What You Need to Know about Tax Deductions

St. Joseph News-Press, November 28, 2012 | Go to article overview

What You Need to Know about Tax Deductions


(BPT) - You probably know tax deductions are an important part of your income tax return and that you want as many as possible. But do you understand how deductions actually save you money or how to determine which ones you can claim on your tax return?

"Simply put, deductions lower the amount of your taxable income,' explains Jessi Dolmage, spokesperson for TaxACT, makers of popular tax-preparation software. "The more deductions you have, the less tax you pay.'

Knowing which deductions you qualify for and whether you should itemize is easy with do-it-yourself tax preparation products. Dolmage says: "The program eliminates the guess work. Answer simple questions about deductions and it will tell if you're better off itemizing or taking the standard deduction. It also checks for errors and offers one-on-one tax help every step of the way.'

You have the choice of claiming the standard deduction or itemizing deductions on your tax return, but you should choose whichever amount is higher.

Nearly two out of three taxpayers claim the standard deduction. Amounts are adjusted for inflation each year, vary by filing status and are higher for those 65 and older or who are legally blind. For 2012 federal tax returns due April 15, 2013, standard deduction amounts are:

* $5,950 for single or married filing separately

* $11,900 for married filing jointly and qualifying widows(ers)

* $8,700 for head of household

If you itemize, your deductions are listed separately on your tax return. Itemized deductions are reported on Schedule A and can only be filed with long Form 1040. …

The rest of this article is only available to active members of Questia

Already a member? Log in now.

Notes for this article

Add a new note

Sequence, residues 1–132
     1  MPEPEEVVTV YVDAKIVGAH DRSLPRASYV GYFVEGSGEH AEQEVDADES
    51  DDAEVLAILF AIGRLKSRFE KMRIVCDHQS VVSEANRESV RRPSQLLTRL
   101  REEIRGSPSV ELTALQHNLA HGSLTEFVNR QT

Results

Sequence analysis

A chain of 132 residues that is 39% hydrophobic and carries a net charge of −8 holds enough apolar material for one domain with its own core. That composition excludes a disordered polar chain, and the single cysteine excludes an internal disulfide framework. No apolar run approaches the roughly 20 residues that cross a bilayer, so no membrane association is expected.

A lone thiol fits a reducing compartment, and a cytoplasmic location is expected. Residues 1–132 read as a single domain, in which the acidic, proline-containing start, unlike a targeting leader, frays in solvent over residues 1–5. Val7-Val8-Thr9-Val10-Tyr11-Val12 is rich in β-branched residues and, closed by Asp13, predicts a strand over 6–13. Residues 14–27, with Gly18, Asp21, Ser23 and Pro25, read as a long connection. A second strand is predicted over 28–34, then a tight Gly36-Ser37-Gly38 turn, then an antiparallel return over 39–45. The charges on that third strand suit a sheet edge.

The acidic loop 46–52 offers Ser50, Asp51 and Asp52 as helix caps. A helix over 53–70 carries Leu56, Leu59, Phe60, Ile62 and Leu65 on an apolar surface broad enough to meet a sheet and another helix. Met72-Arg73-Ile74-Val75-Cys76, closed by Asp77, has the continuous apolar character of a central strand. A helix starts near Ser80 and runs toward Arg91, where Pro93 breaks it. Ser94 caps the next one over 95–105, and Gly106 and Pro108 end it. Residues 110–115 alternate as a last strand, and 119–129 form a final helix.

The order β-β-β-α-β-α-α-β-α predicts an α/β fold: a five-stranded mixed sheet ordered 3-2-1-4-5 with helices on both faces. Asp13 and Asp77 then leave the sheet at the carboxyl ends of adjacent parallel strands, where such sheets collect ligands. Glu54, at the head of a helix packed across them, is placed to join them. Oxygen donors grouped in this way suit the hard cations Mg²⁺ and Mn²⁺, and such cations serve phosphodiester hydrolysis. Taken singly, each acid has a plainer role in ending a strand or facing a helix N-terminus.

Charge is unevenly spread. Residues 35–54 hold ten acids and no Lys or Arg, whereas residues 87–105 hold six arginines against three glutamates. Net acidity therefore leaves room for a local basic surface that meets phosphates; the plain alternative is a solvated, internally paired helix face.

If you are trying to select text to create highlights or citations, remember that you must now click or tap on the first word, and then click or tap on the last word.
One moment ...
Default project is now your active project.
Project items
Notes
Cite this article

Cited article

Style
Citations are available only to our active members.
Buy instant access to cite pages or passages in MLA 8, MLA 7, APA and Chicago citation styles.

(Einhorn, 1992, p. 25)

(Einhorn 25)

(Einhorn 25)

1. Lois J. Einhorn, Abraham Lincoln, the Orator: Penetrating the Lincoln Legend (Westport, CT: Greenwood Press, 1992), 25, http://www.questia.com/read/27419298.

Note: primary sources have slightly different requirements for citation. Please see these guidelines for more information.

Cited article

What You Need to Know about Tax Deductions
Settings

Settings

Typeface
Text size Smaller Larger Reset View mode
Search within

Search within this article

Look up

Look up a word

  • Dictionary
  • Thesaurus
Please submit a word or phrase above.
Print this page

Print this page

Why can't I print more than one page at a time?

Help
Full screen
Items saved from this article
  • Highlights & Notes
  • Citations
Some of your highlights are legacy items.

Highlights saved before July 30, 2012 will not be displayed on their respective source pages.

You can easily re-create the highlights by opening the book page or article, selecting the text, and clicking “Highlight.”

matching results for page

    Questia reader help

    How to highlight and cite specific passages

    1. Click or tap the first word you want to select.
    2. Click or tap the last word you want to select, and you’ll see everything in between get selected.
    3. You’ll then get a menu of options like creating a highlight or a citation from that passage of text.

    OK, got it!

    Cited passage

    Style
    Citations are available only to our active members.
    Buy instant access to cite pages or passages in MLA 8, MLA 7, APA and Chicago citation styles.

    "Portraying himself as an honest, ordinary person helped Lincoln identify with his audiences." (Einhorn, 1992, p. 25).

    "Portraying himself as an honest, ordinary person helped Lincoln identify with his audiences." (Einhorn 25)

    "Portraying himself as an honest, ordinary person helped Lincoln identify with his audiences." (Einhorn 25)

    "Portraying himself as an honest, ordinary person helped Lincoln identify with his audiences."1

    1. Lois J. Einhorn, Abraham Lincoln, the Orator: Penetrating the Lincoln Legend (Westport, CT: Greenwood Press, 1992), 25, http://www.questia.com/read/27419298.

    Cited passage

    Thanks for trying Questia!

    Please continue trying out our research tools, but please note, full functionality is available only to our active members.

    Your work will be lost once you leave this Web page.

    Buy instant access to save your work.

    Already a member? Log in now.

    Search by... Author
    Show... All Results Primary Sources Peer-reviewed

    Oops!

    An unknown error has occurred. Please click the button below to reload the page. If the problem persists, please try again in a little while.